7. Detecting a stochastic background of gravitational radiation: Signal processing strategies and sensitivities

    Science.gov (United States)

    Allen, Bruce; Romano, Joseph D.

    1999-05-01

    We analyze the signal processing required for the optimal detection of a stochastic background of gravitational radiation using laser interferometric detectors. Starting with basic assumptions about the statistical properties of a stochastic gravity-wave background, we derive expressions for the optimal filter function and signal-to-noise ratio for the cross-correlation of the outputs of two gravity-wave detectors. Sensitivity levels required for detection are then calculated. Issues related to (i) calculating the signal-to-noise ratio for arbitrarily large stochastic backgrounds, (ii) performing the data analysis in the presence of nonstationary detector noise, (iii) combining data from multiple detector pairs to increase the sensitivity of a stochastic background search, (iv) correlating the outputs of 4 or more detectors, and (v) allowing for the possibility of correlated noise in the outputs of two detectors are discussed. We briefly describe a computer simulation that was used to ``experimentally'' verify the theoretical calculations derived in the paper, and which mimics the generation and detection of a simulated stochastic gravity-wave signal in the presence of simulated detector noise. Numerous graphs and tables of numerical data for the five major interferometers (LIGO-WA, LIGO-LA, VIRGO, GEO-600, and TAMA-300) are also given. This information consists of graphs of the noise power spectra, overlap reduction functions, and optimal filter functions; also included are tables of the signal-to-noise ratios and sensitivity levels for cross-correlation measurements between different detector pairs. The treatment given in this paper should be accessible to both theorists involved in data analysis and experimentalists involved in detector design and data acquisition.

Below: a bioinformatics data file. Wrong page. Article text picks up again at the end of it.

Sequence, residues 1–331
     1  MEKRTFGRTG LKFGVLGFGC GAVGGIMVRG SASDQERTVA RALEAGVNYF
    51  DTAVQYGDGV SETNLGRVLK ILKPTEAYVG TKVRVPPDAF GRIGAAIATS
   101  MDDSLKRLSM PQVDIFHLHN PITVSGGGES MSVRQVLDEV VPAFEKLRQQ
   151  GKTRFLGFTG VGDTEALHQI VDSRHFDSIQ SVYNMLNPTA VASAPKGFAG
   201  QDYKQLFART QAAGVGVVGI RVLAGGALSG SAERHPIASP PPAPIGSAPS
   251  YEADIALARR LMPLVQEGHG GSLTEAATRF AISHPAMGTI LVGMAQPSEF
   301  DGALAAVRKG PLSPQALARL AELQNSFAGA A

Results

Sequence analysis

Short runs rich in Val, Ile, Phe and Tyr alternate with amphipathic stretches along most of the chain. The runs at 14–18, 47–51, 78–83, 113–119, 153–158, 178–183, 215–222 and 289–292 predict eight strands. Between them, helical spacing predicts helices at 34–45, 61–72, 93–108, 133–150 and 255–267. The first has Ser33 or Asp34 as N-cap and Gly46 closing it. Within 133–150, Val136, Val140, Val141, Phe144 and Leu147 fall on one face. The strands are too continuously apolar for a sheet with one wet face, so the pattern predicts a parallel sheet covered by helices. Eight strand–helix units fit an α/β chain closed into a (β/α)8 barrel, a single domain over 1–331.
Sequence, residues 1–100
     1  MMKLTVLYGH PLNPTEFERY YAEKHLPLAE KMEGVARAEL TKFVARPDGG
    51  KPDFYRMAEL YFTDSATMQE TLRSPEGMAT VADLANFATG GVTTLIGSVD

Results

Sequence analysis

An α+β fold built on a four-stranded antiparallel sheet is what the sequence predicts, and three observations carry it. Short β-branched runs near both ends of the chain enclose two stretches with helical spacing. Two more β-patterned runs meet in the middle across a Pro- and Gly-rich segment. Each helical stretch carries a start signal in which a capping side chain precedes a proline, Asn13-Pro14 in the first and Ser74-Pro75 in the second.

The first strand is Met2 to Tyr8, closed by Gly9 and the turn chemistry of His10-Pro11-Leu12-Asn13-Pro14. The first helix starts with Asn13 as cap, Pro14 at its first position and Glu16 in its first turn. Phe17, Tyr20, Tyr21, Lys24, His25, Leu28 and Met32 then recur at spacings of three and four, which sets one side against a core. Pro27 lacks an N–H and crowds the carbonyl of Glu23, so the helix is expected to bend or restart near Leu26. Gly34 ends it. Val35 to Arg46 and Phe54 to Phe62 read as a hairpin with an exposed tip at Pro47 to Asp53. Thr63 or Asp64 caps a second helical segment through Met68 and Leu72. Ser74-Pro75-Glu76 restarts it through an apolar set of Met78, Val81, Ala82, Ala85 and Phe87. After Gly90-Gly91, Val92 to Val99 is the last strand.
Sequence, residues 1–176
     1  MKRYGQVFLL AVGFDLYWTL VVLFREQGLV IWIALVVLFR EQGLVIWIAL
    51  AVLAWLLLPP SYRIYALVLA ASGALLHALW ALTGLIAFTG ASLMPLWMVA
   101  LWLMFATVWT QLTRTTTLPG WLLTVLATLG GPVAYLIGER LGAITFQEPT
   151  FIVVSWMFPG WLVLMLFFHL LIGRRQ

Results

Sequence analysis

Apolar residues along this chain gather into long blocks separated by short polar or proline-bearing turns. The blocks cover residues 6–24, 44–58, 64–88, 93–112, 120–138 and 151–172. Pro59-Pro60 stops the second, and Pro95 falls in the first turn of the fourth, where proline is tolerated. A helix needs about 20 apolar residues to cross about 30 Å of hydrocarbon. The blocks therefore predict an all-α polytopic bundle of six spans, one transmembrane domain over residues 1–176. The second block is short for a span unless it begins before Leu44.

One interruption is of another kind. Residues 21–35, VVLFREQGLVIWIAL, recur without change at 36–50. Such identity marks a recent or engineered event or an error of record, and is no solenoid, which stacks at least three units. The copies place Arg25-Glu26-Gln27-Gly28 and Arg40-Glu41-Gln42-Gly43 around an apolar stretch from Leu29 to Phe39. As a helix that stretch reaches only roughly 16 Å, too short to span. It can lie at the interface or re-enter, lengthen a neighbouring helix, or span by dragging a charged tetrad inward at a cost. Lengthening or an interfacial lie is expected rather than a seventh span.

8. Sensitive on-chip methane detection with a cryptophane-A cladded Mach-Zehnder interferometer.

    Science.gov (United States)

    Dullo, Firehun Tsige; Lindecrantz, Susan; Jágerská, Jana; Hansen, Jørn H; Engqvist, Magnus; Solbø, Stian Andre; Hellesø, Olav Gaute

    2015-11-30

    We report a methane sensor based on an integrated Mach-Zehnder interferometer, which is cladded by a styrene-acrylonitrile film incorporating cryptophane-A. Cryptophane-A is a supramolecular compound able to selectively trap methane, and its presence in the cladding leads to a 17-fold sensitivity enhancement. Our approach, based on 3 cm-long low-loss Si3N4 rib waveguides, results in a detection limit as low as 17 ppm. This is 1-2 orders of magnitude lower than typically achieved with chip-scale low-cost sensors.